Sutton Court Farm Cottages

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Place To Stay Category: Self CateringPlace To Stay Tags: cottage, ludlow, rural, and short breaks

  • No longer a working farm, but still surrounded by farming activity, the six cottages are situated at the end of a quiet lane, set around an attractive courtyard next to our 16th century timbered farmhouse. The surrounding countryside offers walking opportunities directly from your front door (see below). We offer our visitors a warm welcome all year round; quiet hospitality and the opportunity to relax in the peace and comfort of a rural setting. On arrival your cottage will be spotlessly clean and prepared with a welcome tray of tea and biscuits.

    The cottages are warm and cosy in the winter with log-burners in two; in the summer there are benches and tables outside to enjoy the sunshine.

    We offer short breaks (minimum 2 nights) all year round, with special offers out of season – see website for details. Please contact us for more information or to check availability.


    Walk from the Door


    n.b. You may not find footpath signs at all/any of the gates or stiles on this route. However the route does follow public bridleways and footpaths as shown on the Landranger Map 245 – Ludlow and Church Stretton. Please close all gates you need to open. It is likely to be muddy at any time of year and wellies are recommended.
    Go out of our courtyard and follow the track past the gate and wall of Sutton Court. The house dates back to the 14th century. It was owned by the Powell family for over three hundred years and in the 18th century John Powell, one of the largest land owners in the area, held court there being the local J.P. On the south side is the music room added in 1921 where many famous musicians have performed, including Yehudi Menuhin, Dame Vera Lyn and Dame Nelly Melba. In the grounds on this side you can see the old cider press dating from 1734. A few remaining Perry pear trees still line the main drive from the Peaton road. Follow the rough track to the end, past the old orchard where once Saffron grew, past the new pond to a gateway opening directly into a field. You go through this field keeping to the left beside a fast flowing stream. Through the next gateway you will find the stream now running on your right. Continue through these fields heading towards the box timbered building on the hill in front of you. This is Lydehole (where charcoal burning was once carried out), now a family farm. When you reach the lane where the road fords the stream you have a choice of which direction to take!
    If it is very wet and muddy then the easier route is to cross the ford to the right and follow the lane along the lower edge of Witchcot Wood. Pheasants are reared here and you are likely to see them strutting around throughout the year. You may also see Buzzards or Red Kite soaring on the wind above the woods. At the end of this lane you meet another lane which runs from Lower Hayton up to Haytons Bent. Turn right onto this lane and follow it down to the main Ludlow – Peaton road. Again turn right and follow the road back towards Sutton Court Farm. Now you are on the ‘main’ road be careful of fast moving traffic, especially over the two small rises before you get to the turkey breeding farm. From here you can see the distinctive Scots Pine trees along the road that remain of what was once the border of the land owned by Sutton Court. They lead you back to the Sutton Court Farm Holiday Cottages sign at the bottom of our lane and home.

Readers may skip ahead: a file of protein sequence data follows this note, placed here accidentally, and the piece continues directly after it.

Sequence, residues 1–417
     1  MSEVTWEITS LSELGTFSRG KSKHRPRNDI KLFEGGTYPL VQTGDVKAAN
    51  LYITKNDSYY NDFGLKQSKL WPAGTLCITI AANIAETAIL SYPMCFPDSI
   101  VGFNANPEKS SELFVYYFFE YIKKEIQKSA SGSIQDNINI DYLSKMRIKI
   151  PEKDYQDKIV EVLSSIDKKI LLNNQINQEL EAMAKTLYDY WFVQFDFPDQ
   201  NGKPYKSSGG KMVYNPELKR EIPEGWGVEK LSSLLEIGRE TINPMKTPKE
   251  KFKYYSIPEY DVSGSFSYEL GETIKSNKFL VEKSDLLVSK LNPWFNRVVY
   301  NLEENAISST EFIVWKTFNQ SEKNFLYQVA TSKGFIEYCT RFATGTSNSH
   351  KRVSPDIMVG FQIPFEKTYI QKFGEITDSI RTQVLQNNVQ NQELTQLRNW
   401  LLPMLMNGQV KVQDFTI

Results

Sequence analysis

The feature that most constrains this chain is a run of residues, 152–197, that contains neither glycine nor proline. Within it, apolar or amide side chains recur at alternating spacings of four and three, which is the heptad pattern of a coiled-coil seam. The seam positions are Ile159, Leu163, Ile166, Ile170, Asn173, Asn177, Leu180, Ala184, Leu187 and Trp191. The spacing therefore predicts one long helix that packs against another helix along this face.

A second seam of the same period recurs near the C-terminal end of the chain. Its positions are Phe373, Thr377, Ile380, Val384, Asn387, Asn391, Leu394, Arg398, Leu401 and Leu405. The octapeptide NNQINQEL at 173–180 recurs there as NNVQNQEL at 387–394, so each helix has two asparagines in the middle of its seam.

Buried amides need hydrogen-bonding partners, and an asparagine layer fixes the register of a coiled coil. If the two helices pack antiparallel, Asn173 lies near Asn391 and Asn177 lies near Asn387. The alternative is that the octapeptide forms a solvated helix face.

If you prefer to avoid tarmac as much as possible when walking then continue up the hill towards Lydehole Farm. Cross the cattle grid and continue up the track. Go straight through the gateway by the farm and past the barns through a second gate. Continue up the track to the pink house, Mill Farm and bear left onto a track up and across the field. Where the track bears right on up the hill continue straight along the field keeping the hedge boundary about 20-30 metres away. The views from here look across Wenlock Edge towards Caer Caradoc, Lawley and the Long Mynd. In the autumn blackberries, hips and haws provide a rich feeding ground for resident birds. At the far side of this field you will find a gate ahead of you. Go through this gate and follow the fence on your left to the corner, then go straight along the bank keeping the line of the old hedgerow on your left, until you reach a stile which brings you out on to a track. (This is a private road.) Cross the track, go through the gate opposite up towards Annie Potts cottage and follow the path behind the cottage. At the end of the path go through gate where it opens on to the hill again. Keep on the track alongside the fence on the left with Suttonhill wood above you. You may hear buzzards calling and see them soaring on the wind. Continue on the track until the woodland retreats to the right. At this gateway turn left and follow the track down past North Sutton cottages where you meet the main Ludlow – Peaton road. Again turn left and follow the road back towards Sutton Court Farm. Now you are on the ‘main’ road be careful of fast moving traffic, especially around the tight bends by North Sutton House.
    Both of these walks will take at least an hour, longer if you stop to enjoy the views, pick blackberries or talk to the locals!





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